Bloomin’ judges to rate BYU flora


    By Angela Rose

    BYU will put its best foot forward next week in its version of a beauty contest.

    Two judges from America in Bloom will visit BYU June 27 to 28 to rate the campus grounds as part of a national beautification campaign and contest.

    ?We are well above the expectation around the nation,? said Bruce Maw, BYU campus landscape architect. ?We are saying, ?let us show you what we?ve been doing and what we?ve already done.??

    BYU is one of 49 locations competing in the AIB contest that promotes community involvement, patriotism, civic pride and beautiful landscapes.

    ?Everyone is working towards a common goal of just a better place to live in,? AIB Administrator Laura Kunkle said. ?This competition helps us work towards that.”

    AIB will evaluate BYU in eight categories: floral displays, urban forestry, landscaped areas, turf and groundcover, tidiness, environmental awareness, heritage conservation and community involvement.

    AIB, an independent, nonprofit organization headquartered in Columbus, Ohio, initiated the competition four years ago. This is the first year BYU will participate.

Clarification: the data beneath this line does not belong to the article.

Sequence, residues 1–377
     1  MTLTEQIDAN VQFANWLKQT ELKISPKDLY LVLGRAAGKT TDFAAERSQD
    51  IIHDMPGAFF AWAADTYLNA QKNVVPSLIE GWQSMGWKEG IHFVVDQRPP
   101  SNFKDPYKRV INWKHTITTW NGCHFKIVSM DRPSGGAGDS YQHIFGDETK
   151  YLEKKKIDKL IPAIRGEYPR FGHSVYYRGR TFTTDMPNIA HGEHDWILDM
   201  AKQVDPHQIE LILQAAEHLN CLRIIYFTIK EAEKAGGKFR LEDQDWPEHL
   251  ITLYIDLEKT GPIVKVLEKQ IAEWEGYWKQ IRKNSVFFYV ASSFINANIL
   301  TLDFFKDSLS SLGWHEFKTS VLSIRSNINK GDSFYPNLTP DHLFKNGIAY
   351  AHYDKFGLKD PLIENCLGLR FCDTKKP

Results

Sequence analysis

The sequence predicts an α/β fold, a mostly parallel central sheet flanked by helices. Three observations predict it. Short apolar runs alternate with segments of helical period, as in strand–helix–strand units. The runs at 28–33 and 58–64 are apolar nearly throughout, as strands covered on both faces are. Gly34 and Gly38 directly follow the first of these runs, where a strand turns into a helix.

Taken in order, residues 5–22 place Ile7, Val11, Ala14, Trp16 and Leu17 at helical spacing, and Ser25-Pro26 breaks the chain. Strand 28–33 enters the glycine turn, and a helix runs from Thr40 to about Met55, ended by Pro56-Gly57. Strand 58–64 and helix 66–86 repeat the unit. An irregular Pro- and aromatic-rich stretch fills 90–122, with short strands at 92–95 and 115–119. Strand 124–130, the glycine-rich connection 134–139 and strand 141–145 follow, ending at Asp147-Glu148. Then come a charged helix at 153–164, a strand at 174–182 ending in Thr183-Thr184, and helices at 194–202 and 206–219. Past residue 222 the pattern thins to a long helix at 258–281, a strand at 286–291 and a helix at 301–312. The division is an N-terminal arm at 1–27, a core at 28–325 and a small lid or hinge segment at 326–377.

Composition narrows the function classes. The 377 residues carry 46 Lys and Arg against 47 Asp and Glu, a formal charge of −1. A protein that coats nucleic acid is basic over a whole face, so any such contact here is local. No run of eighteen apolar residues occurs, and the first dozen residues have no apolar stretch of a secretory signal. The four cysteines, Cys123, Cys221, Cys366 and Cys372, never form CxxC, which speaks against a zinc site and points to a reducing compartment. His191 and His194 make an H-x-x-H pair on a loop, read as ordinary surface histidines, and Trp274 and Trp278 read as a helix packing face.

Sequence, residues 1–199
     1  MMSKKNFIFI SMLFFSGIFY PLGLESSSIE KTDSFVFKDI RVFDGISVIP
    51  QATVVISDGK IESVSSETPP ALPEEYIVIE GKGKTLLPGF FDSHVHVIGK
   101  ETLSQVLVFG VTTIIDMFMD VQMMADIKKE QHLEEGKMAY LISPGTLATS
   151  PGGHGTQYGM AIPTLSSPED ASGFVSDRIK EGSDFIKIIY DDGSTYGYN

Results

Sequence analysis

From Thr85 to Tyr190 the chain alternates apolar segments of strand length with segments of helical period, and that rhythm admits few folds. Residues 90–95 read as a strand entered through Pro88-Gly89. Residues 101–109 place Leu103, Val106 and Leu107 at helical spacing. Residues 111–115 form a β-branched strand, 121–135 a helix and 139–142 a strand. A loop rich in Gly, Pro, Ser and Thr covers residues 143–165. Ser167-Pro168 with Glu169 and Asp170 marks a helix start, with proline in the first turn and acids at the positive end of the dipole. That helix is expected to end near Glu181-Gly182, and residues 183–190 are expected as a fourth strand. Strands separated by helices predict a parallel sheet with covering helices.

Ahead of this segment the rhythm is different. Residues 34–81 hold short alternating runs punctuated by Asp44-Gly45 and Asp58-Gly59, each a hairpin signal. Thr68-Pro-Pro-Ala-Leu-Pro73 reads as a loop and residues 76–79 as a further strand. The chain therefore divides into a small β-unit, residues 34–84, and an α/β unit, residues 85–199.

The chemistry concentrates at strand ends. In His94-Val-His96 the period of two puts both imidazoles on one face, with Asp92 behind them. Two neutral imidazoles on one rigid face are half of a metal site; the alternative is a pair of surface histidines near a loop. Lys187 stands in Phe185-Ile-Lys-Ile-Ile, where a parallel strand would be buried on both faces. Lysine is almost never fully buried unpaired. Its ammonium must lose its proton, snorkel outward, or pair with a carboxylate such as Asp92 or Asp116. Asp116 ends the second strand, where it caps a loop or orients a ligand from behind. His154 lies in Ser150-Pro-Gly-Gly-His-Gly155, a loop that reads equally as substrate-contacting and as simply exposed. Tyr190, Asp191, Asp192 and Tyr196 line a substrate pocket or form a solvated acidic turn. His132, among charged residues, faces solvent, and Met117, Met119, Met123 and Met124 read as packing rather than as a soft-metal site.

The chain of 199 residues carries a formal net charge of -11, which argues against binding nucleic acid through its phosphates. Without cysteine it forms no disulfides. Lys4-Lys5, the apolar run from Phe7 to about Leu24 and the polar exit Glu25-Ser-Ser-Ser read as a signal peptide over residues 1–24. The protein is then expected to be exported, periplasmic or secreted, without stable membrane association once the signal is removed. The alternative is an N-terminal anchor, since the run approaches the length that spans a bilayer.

Maw said he thinks BYU will rank high in recycling, environmental awareness and heritage conservation.

    When the BYU grounds crew decided to participate in the contest, they agreed on two main objectives. First, they planned to recognize the workers, and second, they wanted to evaluate how BYU was doing.

    ?We have grounds people that work day after day, and they don?t hear the comments that visitors say,? Maw said. ?We hope to acknowledge their efforts and bring recognition to those people.?

    Landscapers have prepared for four months and created a ?brag book? that highlights campus strengths. Maw said he is proud of the diverse areas around campus and the unique sense each has.

    Despite all the preparation, many students are still unaware that AIB is coming next week. Megan Tate, a student who works in the BYU grounds office said she had not heard of the competition but thinks the work done helps the BYU environment.

    ?I don?t think everyone notices, but it creates a great atmosphere for learning and is a great part of the educational experience,? she said.

    Judges will tour and review 80 percent of BYU campus.

    The competition results will be revealed at the America in Bloom awards symposium, Sept. 8 to 10 in Cleveland.

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